Central banks act in tandem to unwind a decade of easy money

Balachandran R

Balachandran R is an alumnus of IIM Calcutta (1987-89) with extensive experience in corporate banking, investment banking and product management.

Long before the Great Recession that struck the United States in the aftermath of the financial crisis, Japan was in the throes of a multi decade era of low growth and deflation following a boom and bust phase. Years of zero or negative interest rates failed to move the needle on inflation. Emerging market denizens perennially worried about high inflation eating into savings and affecting purchasing power, may wonder what the fuss is all about. Noted economist Paul Krugman explains in a New York Times post that deflation causes people to spend and borrow less thereby keeping the economy in a depressed, deflationary trap, raises real debt levels and leads to fall in wages though he also highlights downward nominal wage rigidity. Therefore goal of monetary policy is not price reduction (negative inflation) but price stability, in other words low and stable inflation. Detractors of Keynesian economics may of course, disagree on the demerits of deflation.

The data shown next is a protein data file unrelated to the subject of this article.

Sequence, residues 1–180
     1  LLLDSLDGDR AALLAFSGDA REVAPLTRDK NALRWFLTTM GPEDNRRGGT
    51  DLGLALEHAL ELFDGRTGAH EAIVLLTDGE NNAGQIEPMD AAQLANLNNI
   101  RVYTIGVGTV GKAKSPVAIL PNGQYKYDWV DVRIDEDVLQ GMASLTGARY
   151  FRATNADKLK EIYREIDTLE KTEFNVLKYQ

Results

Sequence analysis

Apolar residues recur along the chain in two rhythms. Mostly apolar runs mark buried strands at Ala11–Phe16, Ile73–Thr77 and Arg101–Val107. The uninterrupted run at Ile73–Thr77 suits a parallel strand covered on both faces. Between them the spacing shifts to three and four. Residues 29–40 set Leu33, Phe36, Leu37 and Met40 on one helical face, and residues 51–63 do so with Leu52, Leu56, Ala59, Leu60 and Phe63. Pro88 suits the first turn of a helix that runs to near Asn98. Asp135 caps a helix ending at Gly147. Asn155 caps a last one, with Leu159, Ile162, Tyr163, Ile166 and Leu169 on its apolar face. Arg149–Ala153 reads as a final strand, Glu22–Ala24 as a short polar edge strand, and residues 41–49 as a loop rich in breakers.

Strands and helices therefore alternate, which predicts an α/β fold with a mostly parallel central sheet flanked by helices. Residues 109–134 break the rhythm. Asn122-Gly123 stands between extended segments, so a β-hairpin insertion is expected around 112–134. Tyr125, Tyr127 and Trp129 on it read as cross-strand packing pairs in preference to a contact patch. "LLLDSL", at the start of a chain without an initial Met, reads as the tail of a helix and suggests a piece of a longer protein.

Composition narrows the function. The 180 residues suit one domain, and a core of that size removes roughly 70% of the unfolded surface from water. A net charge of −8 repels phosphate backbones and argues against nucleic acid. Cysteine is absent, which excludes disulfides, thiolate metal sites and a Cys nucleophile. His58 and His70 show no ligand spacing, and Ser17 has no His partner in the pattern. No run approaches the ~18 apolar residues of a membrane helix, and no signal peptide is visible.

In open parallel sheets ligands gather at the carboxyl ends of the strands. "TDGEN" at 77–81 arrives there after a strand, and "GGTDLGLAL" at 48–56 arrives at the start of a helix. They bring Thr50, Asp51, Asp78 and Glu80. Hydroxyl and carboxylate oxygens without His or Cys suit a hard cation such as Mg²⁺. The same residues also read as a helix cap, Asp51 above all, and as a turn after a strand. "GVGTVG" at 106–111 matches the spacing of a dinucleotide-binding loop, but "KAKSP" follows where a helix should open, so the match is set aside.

The United States too has been struggling to reach its inflation target of 2% ever since the 2008 crisis. Bringing down the Federal funds target rate to 0% and asset purchases through the New York Fed resulting in a balance sheet of $4.5 trillion dollars, did not help in moving up inflation.

The European Union too has been struggling with poor growth and again low inflation. Apart from the ripple effects of the financial crisis originating in the US, the EU saw one debt crisis after another spanning across Portugal, Italy, Ireland, Greece and Spain. The European Central Bank brought down interest rates below zero and resorted to massive asset purchases to revive the economy.